I’ve been curious about knowledge and wisdom for as long as I can remember. When I was growing up in a rural farming community, “practical knowledge” or “common sense” was critical and so-called “book learning” was seen as generally irrelevant. Practical knowledge was gained through thinking, observation and practice or “trial and error.” Practical knowledge often (hopefully) matures to become “wisdom.”
From a young age, I knew that my preoccupation with our well-worn set of Encyclopaedia Britannica was considered a harmless hobby but I was determined that “book learning” would be in my future. In the meantime, I studied practical knowledge in action and regularly interrogated my grandfather on topics ranging from alfalfa to philosophy. He was a thoughtful and reflective man and his responses most often guided me in discovering an answer for myself. His example led to my appreciation of what I consider the thinking-knowledge-wisdom (TKW) continuum.
In the years that followed, I embraced “book learning” through formal education and independent study. By the time I had completed a master’s degree in library science, the “information age” was about to launch the world into overload via the World Wide Web. Through life experience I discovered that although knowledge may be readily available, it is not wisdom. Inquiry, thinking and experimentation can create knowledge but wisdom typically demands a greater investment.
Wisdom requires time, reflection, extensive experimentation and failure. Our society places a high value on perfectionism, discouraging the valuable learning that occurs through failure. When we’re able to recognize failure as “research” or an opportunity to gain knowledge, we can solve problems, develop critical insight and ultimately, move along the T-K-W continuum toward wisdom.
Some describe our current era as the “post-information age.” Writing in 2014 in Wired magazine, management thinker and author, Julian Birkinshaw,* described four major difficulties in today’s information-saturated world.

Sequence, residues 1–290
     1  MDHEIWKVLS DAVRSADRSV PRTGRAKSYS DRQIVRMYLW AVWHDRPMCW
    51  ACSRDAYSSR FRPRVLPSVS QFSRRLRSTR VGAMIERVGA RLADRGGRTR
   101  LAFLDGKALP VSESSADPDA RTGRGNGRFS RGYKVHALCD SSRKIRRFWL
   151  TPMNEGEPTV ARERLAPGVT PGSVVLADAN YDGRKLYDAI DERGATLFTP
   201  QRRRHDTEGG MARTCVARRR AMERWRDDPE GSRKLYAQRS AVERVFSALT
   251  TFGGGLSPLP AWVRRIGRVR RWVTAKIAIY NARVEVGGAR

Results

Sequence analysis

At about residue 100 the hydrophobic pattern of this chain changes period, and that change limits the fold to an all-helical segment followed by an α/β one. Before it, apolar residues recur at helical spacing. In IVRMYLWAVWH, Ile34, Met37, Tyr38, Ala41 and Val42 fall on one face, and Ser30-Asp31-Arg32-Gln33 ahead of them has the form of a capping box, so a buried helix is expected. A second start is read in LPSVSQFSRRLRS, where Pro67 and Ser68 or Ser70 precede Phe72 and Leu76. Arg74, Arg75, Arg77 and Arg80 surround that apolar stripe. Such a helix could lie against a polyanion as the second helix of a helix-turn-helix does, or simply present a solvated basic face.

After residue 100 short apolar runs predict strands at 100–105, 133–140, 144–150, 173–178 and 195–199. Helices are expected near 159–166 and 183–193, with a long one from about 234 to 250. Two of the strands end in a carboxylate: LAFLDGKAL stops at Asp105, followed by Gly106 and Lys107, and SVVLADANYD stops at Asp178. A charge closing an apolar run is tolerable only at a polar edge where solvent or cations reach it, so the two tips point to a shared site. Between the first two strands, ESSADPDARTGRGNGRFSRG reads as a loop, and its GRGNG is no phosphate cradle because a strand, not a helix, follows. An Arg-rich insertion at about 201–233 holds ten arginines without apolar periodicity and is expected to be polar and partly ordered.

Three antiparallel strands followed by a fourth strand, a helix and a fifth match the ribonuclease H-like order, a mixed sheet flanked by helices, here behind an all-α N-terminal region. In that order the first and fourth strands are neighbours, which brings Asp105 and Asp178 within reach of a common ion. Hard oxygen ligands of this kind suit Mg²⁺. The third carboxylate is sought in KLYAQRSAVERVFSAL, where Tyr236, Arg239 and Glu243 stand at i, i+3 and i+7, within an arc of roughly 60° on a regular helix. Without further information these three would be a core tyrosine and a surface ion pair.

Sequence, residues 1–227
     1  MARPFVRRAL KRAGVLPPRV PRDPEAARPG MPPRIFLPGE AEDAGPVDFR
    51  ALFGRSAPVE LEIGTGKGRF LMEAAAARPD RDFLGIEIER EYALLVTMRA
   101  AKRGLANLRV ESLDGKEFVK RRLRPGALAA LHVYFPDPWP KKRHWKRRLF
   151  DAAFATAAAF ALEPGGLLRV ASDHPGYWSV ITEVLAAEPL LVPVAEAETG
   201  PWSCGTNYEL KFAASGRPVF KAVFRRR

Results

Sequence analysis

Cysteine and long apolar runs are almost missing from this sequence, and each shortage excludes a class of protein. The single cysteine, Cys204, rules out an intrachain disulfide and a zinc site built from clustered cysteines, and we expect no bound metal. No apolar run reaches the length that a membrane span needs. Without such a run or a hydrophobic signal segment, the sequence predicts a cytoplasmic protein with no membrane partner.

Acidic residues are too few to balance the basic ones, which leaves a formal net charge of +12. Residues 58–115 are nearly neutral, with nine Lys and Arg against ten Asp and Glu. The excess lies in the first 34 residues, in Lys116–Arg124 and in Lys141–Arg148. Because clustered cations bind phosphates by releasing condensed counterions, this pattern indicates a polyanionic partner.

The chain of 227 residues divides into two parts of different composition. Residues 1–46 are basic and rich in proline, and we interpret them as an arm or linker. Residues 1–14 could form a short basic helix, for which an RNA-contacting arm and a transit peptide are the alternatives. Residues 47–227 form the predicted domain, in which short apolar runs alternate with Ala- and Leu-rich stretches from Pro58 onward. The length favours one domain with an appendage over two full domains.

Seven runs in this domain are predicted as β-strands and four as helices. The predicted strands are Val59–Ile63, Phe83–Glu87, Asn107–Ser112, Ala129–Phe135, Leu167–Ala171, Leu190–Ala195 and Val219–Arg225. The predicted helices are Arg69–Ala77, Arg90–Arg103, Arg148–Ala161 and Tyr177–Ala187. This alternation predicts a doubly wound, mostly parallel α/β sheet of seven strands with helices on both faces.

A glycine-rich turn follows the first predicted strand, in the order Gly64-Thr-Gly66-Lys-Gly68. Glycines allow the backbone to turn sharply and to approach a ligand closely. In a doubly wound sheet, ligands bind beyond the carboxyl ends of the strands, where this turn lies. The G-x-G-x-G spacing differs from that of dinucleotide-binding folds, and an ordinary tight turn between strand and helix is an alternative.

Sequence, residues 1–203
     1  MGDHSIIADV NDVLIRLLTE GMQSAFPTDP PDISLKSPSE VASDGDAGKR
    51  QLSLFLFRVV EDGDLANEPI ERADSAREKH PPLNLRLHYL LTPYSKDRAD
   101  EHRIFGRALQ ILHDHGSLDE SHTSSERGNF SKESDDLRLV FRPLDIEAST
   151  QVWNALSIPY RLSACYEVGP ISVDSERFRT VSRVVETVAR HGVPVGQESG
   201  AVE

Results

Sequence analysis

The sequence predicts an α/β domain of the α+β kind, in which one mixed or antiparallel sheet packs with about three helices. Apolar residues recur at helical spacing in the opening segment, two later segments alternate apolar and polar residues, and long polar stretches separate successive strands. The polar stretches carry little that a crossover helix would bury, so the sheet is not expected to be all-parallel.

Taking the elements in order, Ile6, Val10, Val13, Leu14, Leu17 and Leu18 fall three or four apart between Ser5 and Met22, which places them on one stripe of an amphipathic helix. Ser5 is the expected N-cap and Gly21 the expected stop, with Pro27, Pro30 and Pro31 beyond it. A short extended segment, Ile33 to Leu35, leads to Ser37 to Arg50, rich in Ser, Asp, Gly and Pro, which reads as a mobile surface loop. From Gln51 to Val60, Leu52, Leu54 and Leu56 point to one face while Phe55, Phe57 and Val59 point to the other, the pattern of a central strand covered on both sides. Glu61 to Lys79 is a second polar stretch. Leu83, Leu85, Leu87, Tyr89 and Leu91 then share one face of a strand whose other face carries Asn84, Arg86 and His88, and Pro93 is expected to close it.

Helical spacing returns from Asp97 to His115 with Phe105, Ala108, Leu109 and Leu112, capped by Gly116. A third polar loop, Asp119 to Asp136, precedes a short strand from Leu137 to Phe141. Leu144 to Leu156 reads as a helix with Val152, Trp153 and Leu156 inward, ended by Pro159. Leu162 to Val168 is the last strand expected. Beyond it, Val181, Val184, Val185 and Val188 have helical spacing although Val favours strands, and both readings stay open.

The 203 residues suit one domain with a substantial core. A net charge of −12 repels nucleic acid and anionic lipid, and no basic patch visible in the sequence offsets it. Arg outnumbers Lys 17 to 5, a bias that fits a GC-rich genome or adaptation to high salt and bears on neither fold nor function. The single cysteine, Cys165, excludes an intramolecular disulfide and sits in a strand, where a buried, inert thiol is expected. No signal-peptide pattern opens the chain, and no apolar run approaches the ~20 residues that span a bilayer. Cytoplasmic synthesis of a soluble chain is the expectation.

1. “Paralysis through analysis” occurs when abundant information leads us to feel we must do just a little more research or analysis before taking action (sounds familiar!).
“Easy access to data makes us intellectually lazy” according to Birkinshaw. While his discussion refers primarily to organizations with “big data” and data analysis capacity, we’re susceptible to this problem as individuals too. Abundant information supporting our preferred option can be misleading and by-passing “thinking and judgment” frequently leads to unexpected and/or unreliable results.
2. “Impulsive and flighty consumers” refers to reduced attention resulting from endless multitasking. Birkinshaw notes the consequent changes in relationships with customers as well as employees. Viewed from the individual’s perspective, availability of information—anywhere and anytime—has created an attention deficit.
3. “A little learning is a dangerous thing” is Birkinshaw’s caution about using easily accessible information without the expertise or practical knowledge to support it. One could envision this challenge as too much “book learning” and not enough “practical knowledge.”
4. Birkinshaw writes that successful organizations of the future “will be smart about scanning for information and accessing the knowledge of their employees, but they will favour action over analysis, and they will harness the intuition and gut-feeling of their employees in combination with rational analysis.” Ignore the wisdom of employees and co-workers at your peril.
The post-information age has increased the stakes and the opportunities for individuals and organizations. While thinking, knowledge and wisdom (T-K-W) seems within reach of everyone with an Internet connection, the key to success is increasingly a capacity for focus and discipline. Clarity and attention have become essential and elusive skills in our era of distraction.
* Julian Birkinshaw is Professor and Chair of Strategy and Entrepreneurship at the London Business School